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I'm planning to start a service which archives TV video content (at low quality). I'm exploring what hardware and video digitization equipment will be needed.

The TV channels in the geography I'm looking at are unencrypted and are provided through coaxial cable wires (similar to standard 'Cable TV' in the US).

There are about 200-250 channels, each of which is to be digitized and archived. I'm looking for a cost-effective, scalable solution which can be scaled up from an initial set of 5-10 channels to a max of 200. I'm not sure how TV tuner recommendations which work only for 3-4 channels at a time would scale up cost-effectively.

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So these are all standard-definition channels using NTSC? –  Flimzy Nov 28 '11 at 20:15
Actually, its PAL - thanks for asking. –  siliconpi Nov 28 '11 at 23:05

2 Answers 2

I'm assuming you're talking about digital cable, since it's 2012.

The way this works is that your equipment tunes into a frequency over which a multiplex is broadcast. That's a digital stream that can be demultiplexed into a number of sub-streams. Each sub-stream is a TV channel.

There are standards for these things. The sensible thing to do (especially since they're unencrypted channels) is to use DVB receiver cards in a PC. I'd use Linux, but it's up to you.

You mention archiving these at "low quality". The problem here is that the channels are broadcast at a given quality, and the broadcaster has already done the hard work of digitising and compressing the content. If you want to lower the quality, you'd have to demultiplex, decompress, scale, and compress, and that's a lot of processing. Compression is especially expensive in terms of processing.

Since storage is cheap, and getting cheaper, I'd suggest storing the streams exactly as they arrive. This is what DVRs (e.g. Sky+, digital TiVo etc. do).

You have a choice between demultiplexing, and storing the streams you want individually -- or simply writing the whole multiplex to disk. Demultiplexing is cheap; but not as cheap as simply dumping every byte the tuner supplies you onto disk. Demultiplexing, of course, allows you to pick and choose which channels to discard.

I'm afraid my 2 minutes of Googling didn't reveal what the bit rate of a cable TV multiplex is - but it shouldn't be difficult for you to find out. Once you know that, it's simple sums to work out how quickly you'll fill disks, and what kind of sustained write speed you'll need.

There is free software available to drive DVB cards. One example is OpenDVB. It would be worth doing some reading around the MythTV community. Although they'll be focussed one or two channels at a time, they'll know their way around the technology, and the software is modular.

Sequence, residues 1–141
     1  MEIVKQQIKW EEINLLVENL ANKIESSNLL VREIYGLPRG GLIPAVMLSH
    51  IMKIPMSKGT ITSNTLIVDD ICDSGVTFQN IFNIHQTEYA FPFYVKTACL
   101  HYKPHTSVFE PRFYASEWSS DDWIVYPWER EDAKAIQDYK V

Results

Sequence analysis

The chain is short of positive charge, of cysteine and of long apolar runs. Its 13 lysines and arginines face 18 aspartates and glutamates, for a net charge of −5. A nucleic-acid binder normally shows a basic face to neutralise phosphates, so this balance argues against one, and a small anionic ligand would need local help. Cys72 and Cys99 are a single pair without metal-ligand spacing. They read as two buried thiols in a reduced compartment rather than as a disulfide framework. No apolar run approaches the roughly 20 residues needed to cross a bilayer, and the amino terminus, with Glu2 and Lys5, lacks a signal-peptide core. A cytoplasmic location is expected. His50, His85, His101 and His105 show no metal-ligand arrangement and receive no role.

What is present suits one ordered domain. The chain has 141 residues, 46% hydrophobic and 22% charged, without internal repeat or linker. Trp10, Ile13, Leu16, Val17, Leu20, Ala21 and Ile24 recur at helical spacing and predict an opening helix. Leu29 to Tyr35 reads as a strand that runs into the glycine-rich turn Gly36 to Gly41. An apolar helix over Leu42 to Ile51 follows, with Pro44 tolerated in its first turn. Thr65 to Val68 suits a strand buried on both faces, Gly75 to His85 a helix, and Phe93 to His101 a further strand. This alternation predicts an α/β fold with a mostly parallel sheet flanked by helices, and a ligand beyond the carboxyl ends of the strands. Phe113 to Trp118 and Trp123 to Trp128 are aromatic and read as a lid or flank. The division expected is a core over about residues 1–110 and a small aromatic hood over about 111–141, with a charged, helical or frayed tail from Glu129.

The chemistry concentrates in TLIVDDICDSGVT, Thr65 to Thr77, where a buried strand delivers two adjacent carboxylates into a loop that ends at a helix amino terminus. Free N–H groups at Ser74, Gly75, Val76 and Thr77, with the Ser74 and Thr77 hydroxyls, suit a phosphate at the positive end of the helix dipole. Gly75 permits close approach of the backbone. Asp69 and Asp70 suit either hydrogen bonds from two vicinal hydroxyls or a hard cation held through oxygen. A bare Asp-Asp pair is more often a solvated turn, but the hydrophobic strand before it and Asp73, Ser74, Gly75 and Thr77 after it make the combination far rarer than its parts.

You'll need a DVB card for each multiplex you're recording, since each one can only tune to one frequency. Depending on what you discover about bit rates, it may be worth splitting the task between several computers - but in theory one computer can have multiple DVB cards.

As a vague guide on CPU power - reading from the tuner and demultiplexing take negligible amounts of CPU work. Any PC CPU of the last 10 years could do it without breaking a sweat. Encoding/compressing is really hard work. A top-end modern CPU has trouble compressing SD video in real time. To do it at all efficiently, you'd have to offload it to dedicated chips (which is how camcorders etc. manage it).

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You would need some sort of set-top box to get the signal out of coax into a video format, right? What country/area is this in? Who is the provider of these channels? Do you have the permission/co-operation of the broadcasters?

The main issue you're going to run in to is how to view all 250 channels at once, and output them to something that can record. You can typically only receive one or two channels simultaneously down your wire for cable TV. What format are the channels you want to record being broadcast in? I assume DVB-C? You're going to need a way to tune into that signal and you can only tune into a single frequency at a time with a single receiver. You'll need 250 tuners, no matter what.

Assuming you can get 250 signals (some sort of super-splitter/amplifier?) and connect 250 set-top boxes (mount em all in racks), you will still need 250 tuners, one for each channel. You could buy 125 dual tuners (@ approx $80ea with a bulk discount = $10,000) and put 3 cards into a computer (42 cheap computers @ approx $150ea = $63,00) that run nothing but capturing & recording TV (then I presume copying the data to some massive SAN for archival?). Roughly $17,000 to record 250 channels is only $68/channel. Doesn't sound too far fetched to me.

Sounds like an interesting idea though. Would love to see what you end up doing.

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You don't need 250 tuners. Just a tuner per multiplex. One frequency; several channels. –  slim Jan 12 '12 at 14:58

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